What Are We Going to Do When It Happens Again?
Recently I ordered a copy of Naomi Wolf’s The Bodies of Others: The New Authoritarians, COVID-19 and the War Against the Human, and began the book the day it arrived.
Like you who are reading my words, I lived through the lockdowns, the masks, the school and church closures, and all the rest of it. Nonetheless, The Bodies of Others is an eye-opener about the freedoms squashed or stolen from us during the pandemic. It is a blistering j’accuse of the politicians, corporations, tech companies, and international elites whose policies wreaked havoc and damage on societies around the world while often enriching themselves at the expense of the poor and the middle class.
Interspersed in this account are Wolf’s personal experiences during those months when God-given freedoms like the right to assemble and the right to worship were gutted, often with little outcry from a cowed citizenry. On several occasions, she takes us into the enclaves of the people who made and supported these decisions, the wealthy and the powerful, and shows us firsthand the contempt they feel toward the average person.
It’s also a powerful analysis of ways this ordeal of fear was inflicted on our country: the propaganda, the threats, the deliberately manufactured divisions between the vaxxed and the unvaxxed, the misinformation and outright lies put out by the government and the legacy media.
Near the end of The Bodies of Others, Wolf reminds us that this “Great Reset” of nations is ongoing. “In this moment when freedom itself is in the balance, when the alternative is servitude forever, this decision on whether to speak up makes all the difference,” she writes. “Tyrannies only fall when there is mass resistance.”
And in the last lines of the book, Wolf wonders if our children and grandchildren will one day ask us whether we stood up for them and for liberty:
‘Dad, Mom, Grandpa, Grandma,’ they will ask. ‘What did you do?’
So let me leave you with this question:
What did you do?
Any answer to that question is ongoing. What will we do if this fall our state and federal governments again issue dictates and edicts demanding social distancing, masks, and seclusion? What will we do if the administration that has crippled American energy and fossil fuel production rations gas and restricts travel?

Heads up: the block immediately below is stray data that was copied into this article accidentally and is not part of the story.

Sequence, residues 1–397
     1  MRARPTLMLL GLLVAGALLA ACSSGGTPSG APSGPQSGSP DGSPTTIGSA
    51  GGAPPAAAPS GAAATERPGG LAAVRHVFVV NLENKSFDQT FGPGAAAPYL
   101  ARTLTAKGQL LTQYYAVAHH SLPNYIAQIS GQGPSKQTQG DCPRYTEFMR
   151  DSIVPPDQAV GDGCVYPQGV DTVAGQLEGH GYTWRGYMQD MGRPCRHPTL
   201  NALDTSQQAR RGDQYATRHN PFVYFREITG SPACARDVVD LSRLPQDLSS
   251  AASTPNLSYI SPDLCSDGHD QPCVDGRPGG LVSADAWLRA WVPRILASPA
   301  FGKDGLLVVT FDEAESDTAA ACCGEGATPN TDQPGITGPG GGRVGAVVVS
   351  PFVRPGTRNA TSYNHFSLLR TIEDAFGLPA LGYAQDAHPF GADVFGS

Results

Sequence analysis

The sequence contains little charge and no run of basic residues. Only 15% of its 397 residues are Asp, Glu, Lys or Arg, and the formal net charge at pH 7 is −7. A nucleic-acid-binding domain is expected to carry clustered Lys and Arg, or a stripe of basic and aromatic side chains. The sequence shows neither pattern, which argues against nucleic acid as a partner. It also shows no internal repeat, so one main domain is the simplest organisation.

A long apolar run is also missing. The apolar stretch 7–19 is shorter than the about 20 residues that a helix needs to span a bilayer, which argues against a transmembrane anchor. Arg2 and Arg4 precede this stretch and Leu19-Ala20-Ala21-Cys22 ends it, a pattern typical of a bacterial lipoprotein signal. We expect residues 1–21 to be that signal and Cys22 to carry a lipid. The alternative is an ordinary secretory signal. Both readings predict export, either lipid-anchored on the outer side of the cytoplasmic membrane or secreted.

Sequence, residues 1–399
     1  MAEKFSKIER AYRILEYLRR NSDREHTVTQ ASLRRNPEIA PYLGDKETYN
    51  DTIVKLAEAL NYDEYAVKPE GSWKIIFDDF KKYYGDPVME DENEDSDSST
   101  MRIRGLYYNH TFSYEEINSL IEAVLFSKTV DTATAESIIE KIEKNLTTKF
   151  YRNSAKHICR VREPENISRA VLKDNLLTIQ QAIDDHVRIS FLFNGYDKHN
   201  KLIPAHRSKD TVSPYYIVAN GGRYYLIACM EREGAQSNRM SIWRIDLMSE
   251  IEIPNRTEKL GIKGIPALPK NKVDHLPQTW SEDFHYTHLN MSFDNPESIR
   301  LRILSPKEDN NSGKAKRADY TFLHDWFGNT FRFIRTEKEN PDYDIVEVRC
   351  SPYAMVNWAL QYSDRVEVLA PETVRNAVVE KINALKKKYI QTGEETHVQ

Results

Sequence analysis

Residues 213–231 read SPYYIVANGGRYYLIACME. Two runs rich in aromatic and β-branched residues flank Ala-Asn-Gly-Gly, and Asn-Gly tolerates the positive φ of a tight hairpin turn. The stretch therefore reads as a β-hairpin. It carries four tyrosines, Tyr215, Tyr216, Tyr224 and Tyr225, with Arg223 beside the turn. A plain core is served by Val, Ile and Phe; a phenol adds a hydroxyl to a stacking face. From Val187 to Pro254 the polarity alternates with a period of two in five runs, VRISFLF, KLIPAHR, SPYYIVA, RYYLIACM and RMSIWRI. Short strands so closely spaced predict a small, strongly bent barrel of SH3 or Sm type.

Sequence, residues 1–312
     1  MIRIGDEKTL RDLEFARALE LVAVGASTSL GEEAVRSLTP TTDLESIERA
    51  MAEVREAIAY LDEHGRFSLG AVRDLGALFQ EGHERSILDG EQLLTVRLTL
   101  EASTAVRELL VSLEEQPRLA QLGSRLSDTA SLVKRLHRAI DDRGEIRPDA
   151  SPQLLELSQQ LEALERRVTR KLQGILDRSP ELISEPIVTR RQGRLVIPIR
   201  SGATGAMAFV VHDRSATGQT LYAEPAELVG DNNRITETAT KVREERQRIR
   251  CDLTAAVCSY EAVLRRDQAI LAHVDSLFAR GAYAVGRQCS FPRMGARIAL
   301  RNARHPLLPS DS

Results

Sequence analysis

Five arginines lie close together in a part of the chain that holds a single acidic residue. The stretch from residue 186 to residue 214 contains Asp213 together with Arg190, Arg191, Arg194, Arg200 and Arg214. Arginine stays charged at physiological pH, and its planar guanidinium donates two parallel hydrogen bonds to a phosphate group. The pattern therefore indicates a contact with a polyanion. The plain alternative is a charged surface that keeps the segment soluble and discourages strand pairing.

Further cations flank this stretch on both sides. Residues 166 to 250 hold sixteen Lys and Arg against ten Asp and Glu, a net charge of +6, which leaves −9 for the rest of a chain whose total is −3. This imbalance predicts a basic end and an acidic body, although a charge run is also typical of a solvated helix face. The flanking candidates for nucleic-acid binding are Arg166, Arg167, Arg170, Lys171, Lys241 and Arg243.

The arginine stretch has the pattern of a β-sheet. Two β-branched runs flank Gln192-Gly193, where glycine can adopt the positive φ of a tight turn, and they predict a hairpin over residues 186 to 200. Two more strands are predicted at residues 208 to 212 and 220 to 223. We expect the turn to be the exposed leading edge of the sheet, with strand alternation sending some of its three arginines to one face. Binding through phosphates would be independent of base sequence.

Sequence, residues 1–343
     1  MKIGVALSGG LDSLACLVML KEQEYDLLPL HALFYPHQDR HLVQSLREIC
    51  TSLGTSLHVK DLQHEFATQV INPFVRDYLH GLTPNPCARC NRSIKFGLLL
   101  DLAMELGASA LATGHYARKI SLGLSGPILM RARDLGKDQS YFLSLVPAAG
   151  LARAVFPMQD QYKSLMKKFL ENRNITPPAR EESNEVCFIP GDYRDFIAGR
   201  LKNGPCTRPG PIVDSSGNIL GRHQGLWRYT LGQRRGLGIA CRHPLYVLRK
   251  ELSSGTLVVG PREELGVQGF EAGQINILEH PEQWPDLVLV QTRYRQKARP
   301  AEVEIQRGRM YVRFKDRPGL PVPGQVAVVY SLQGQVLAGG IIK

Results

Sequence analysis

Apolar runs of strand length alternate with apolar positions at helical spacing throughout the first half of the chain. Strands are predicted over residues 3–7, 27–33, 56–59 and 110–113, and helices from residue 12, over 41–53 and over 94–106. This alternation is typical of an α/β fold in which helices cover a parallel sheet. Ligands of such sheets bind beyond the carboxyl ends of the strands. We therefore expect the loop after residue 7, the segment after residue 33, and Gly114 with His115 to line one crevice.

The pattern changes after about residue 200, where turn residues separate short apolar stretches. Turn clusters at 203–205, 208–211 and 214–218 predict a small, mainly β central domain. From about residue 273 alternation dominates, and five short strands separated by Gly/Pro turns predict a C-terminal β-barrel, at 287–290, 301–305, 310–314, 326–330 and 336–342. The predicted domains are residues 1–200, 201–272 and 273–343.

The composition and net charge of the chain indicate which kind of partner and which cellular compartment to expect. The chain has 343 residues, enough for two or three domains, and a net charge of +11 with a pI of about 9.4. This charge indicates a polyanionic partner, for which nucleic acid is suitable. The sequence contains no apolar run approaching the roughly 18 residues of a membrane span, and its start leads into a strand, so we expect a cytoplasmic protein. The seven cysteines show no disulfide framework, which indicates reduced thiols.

Two years ago, the majority of Americans passively obeyed the orders from on high during the pandemic, partly from fear, partly from an attitude of “go along and get along.” We were taken off-guard, driven into uncertainty by the frightening reports pouring out of federal health agencies and the legacy media.
But now we are forewarned, we have tools and options we previously lacked, and we also have the time to make necessary preparations for resistance.
First, we can exercise prudence about any information we receive. We know now not to take any news—whether from a government agency or outfits like CNN—at face value until we check and double-check the source. The fiasco of the pandemic destroyed the trust of many Americans in its officials and reporters. They are the ones who must restore that trust. Until then, we should regard all reports with a wary eye until they are proven true.
Nor should we ever again allow ourselves to become so divided. We might talk now with likeminded family members and friends, and make plans for a show of solidarity against dictatorial directives. We might speak with other parents and agree that if the authorities decide once again to shutter our schools, we will initiate at-home schooling co-ops, allowing our children to continue their education, to develop social skills, and to be with their friends. We can urge the leaders of our houses of worship to reject future mandates that declare such gathering places as “non-essential.”
Finally, we need to find the moral backbone to disobey unjust, unreasonable, or frankly, unhinged orders. Speaking out against injustice becomes an easier task when we stand with others. For some inspired comments on this form of peaceful disobedience, read Charlton Heston’s 1999 speech to the Harvard Law School. There you’ll find plenty of advice for such a resistance.
“Fool me once, shame on you; fool me twice, shame on me” goes the old saying.
True. But if we don’t stick up for our rights and liberties, shame will be the least of our worries.
Image Credit: Pxhere